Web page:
Merriman is a changed man

September 09, 2004|by BOB PARASILITI

COLLEGE PARK, Md. - Program note: This is another chapter in the continuing saga of the De-evolution of Shawne Merriman.

Over the years, Merriman has changed before University of Maryland fans' eyes. There aren't any bolts in Merriman's neck nor is his transformation part of a horror flick - that is, unless you're a Terrapins opponent - but it can be scary.

The tell-tale sign that Merriman has changed is simple. He came to Maryland as a freshman walking on his two legs. Now when you see him, he's on all fours.

Merriman has gone from mild-mannered high school linebacker and receiver to full-fledged defensive end in his stint at Maryland. Along the way, Merriman has changed from a tight end hopeful, to linebacker, to LEO (which stands for Linebacker-End Option), to the left-side anchor on Maryland's defensive line.


And Merriman's constant change has been fueled by some hard work, some not-so-gentle coaxing from his opponents and some guidance from a good friend.

"It's been hard. I started out as a 230-pound freshman going up against tackles who were a lot bigger and stronger than I was," Merriman said. "I'd get a couple of good hits in early, but it would go downhill from there fast. I had to get stronger and as I got stronger, I picked up more."

The pounding helped convince Merriman to build himself into the 6-foot-4, 245-pound specimen he is now. He got tips on how to play the linebacking position by talking to and training with Washington Redskins star LaVar Arrington, who watches all his games.

"LaVar is like my big brother who I can go to and ask questions," Merriman said. "I got to know him when his younger brother transfered to my high school (Frederick Douglass in Upper Marlboro, Md.). He'd come to my games and we became good friends."

Not even Arrington could foresee what has become of Merriman in coach Ralph Friedgen's laboratory.

When Merriman first set foot on Maryland's campus, he came with the notion of being a linebacker and tight end for the Terps, playing both ways.

"I wanted to play tight end because I was a wide receiver in high school," Merriman said. "I told Coach that and he told me I was asking too much. I'd go back and ask him again, he'd say, 'Talk to me tomorrow.'"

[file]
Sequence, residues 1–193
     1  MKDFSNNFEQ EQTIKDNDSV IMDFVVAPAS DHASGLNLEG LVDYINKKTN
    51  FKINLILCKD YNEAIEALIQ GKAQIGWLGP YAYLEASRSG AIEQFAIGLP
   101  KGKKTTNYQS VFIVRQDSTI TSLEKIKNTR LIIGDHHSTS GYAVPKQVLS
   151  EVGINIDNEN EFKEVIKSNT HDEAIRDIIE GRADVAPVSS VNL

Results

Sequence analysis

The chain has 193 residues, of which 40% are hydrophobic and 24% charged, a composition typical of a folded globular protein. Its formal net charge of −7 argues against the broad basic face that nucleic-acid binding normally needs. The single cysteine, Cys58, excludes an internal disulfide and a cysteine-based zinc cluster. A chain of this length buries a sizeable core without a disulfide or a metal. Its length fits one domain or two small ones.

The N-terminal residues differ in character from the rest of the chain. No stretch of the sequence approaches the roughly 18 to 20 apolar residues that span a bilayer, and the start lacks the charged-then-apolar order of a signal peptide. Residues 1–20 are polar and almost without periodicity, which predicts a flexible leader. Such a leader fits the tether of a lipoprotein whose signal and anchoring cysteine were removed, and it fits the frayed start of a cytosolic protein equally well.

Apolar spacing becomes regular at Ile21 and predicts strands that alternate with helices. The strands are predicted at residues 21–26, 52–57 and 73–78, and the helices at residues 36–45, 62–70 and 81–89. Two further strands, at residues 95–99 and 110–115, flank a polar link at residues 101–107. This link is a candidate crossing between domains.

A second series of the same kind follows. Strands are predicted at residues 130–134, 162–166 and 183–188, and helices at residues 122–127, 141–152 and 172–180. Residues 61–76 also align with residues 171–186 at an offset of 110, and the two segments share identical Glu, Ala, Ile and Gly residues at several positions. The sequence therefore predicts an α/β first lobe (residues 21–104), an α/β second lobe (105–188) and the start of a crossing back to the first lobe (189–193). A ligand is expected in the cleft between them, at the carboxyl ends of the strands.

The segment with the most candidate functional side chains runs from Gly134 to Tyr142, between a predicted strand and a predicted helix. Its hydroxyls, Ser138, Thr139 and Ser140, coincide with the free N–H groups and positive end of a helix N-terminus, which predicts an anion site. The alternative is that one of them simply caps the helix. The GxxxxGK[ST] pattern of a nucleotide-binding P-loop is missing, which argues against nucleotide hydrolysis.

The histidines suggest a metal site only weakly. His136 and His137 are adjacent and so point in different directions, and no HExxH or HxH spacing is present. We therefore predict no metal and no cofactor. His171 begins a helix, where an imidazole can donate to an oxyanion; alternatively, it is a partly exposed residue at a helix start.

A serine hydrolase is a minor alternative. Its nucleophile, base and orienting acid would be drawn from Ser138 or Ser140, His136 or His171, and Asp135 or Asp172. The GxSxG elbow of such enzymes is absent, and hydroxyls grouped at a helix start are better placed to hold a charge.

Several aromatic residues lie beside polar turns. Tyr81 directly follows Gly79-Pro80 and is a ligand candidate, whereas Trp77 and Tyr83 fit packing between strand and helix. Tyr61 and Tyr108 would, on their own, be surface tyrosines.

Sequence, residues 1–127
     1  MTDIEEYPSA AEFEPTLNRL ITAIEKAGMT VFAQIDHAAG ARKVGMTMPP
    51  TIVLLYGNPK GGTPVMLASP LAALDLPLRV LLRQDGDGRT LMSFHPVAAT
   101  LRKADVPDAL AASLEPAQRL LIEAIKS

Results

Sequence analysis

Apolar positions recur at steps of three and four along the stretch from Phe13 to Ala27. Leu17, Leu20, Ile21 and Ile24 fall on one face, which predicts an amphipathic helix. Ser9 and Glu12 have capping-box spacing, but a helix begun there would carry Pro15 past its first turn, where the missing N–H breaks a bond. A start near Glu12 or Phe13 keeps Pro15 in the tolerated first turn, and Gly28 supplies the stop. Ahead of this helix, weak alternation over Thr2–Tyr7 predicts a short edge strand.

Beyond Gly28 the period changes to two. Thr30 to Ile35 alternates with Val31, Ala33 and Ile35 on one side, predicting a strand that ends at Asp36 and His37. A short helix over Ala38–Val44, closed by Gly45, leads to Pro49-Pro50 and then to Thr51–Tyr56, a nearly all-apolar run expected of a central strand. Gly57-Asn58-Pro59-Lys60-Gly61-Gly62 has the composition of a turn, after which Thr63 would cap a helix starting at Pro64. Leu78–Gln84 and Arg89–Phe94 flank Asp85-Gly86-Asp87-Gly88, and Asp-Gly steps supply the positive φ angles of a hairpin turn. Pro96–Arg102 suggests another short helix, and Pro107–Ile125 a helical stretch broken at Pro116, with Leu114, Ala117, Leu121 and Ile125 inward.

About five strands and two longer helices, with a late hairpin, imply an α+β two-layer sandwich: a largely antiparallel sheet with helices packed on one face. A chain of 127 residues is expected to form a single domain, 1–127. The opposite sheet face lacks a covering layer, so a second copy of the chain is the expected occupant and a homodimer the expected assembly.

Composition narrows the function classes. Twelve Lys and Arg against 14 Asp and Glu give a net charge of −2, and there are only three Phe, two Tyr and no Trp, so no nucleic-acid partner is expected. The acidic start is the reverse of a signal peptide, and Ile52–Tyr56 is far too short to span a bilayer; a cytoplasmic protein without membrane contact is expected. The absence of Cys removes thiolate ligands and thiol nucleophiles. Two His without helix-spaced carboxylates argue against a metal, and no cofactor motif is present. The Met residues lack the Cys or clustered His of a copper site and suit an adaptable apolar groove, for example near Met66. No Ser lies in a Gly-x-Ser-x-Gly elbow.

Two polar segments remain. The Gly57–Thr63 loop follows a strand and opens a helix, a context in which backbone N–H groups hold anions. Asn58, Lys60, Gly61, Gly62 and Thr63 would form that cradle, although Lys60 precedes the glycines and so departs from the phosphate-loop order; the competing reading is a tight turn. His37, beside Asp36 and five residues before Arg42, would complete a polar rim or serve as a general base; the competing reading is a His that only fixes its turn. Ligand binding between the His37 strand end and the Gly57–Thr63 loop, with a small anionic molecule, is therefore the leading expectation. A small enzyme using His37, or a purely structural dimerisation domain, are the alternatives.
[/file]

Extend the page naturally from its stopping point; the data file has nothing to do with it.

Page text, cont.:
Merriman soon learned that pass catching wasn't in his future. No one had to tell him ... he just felt it.

"When you take so many snaps on defense and then come over to play offense, man," Merriman said. "If I would play both ways and then on the special teams, I'd really have to get an IV as I walk off the field."

The move to LEO last year was enough to take Merriman's mind off of the tight end slot. The position mixed the principles of playing linebacker with those of a down lineman. Merriman would be rushing the quarterback out of a stance on one play and covering a receiver in a pattern on the next.

"I tried to do all I could to get back to a linebacker role," Merriman said. "Not everyone could play the position I played. It was different. I was taking on someone and after a couple of big hits where I got to show my size and speed, then I would have to show I could run with a reciever and hit him with a tackle. And I worked hard at it, no matter if I liked it or not."

Now, after standing erect for most of his football career, Maryland has Merriman on his knuckles and hunched over in a straight end position. It gives Maryland a chance to revamp its line with a player who is now one of those guys who used to beat up on him as a tight end in the old days.

He debuted in the position last Saturday in a 23-20 win over Northern Illinois and finished with 10 tackles, including three for 17 yards in losses.

The move kind of brought the animal out in Merriman.

"One day, I'm hurt. The next day, I'm fine," Merriman said. "I kind of feel like a wolverine."

One thing is for certain. The Terps are hoping for Shawne Merriman to be a howling success on the defense.

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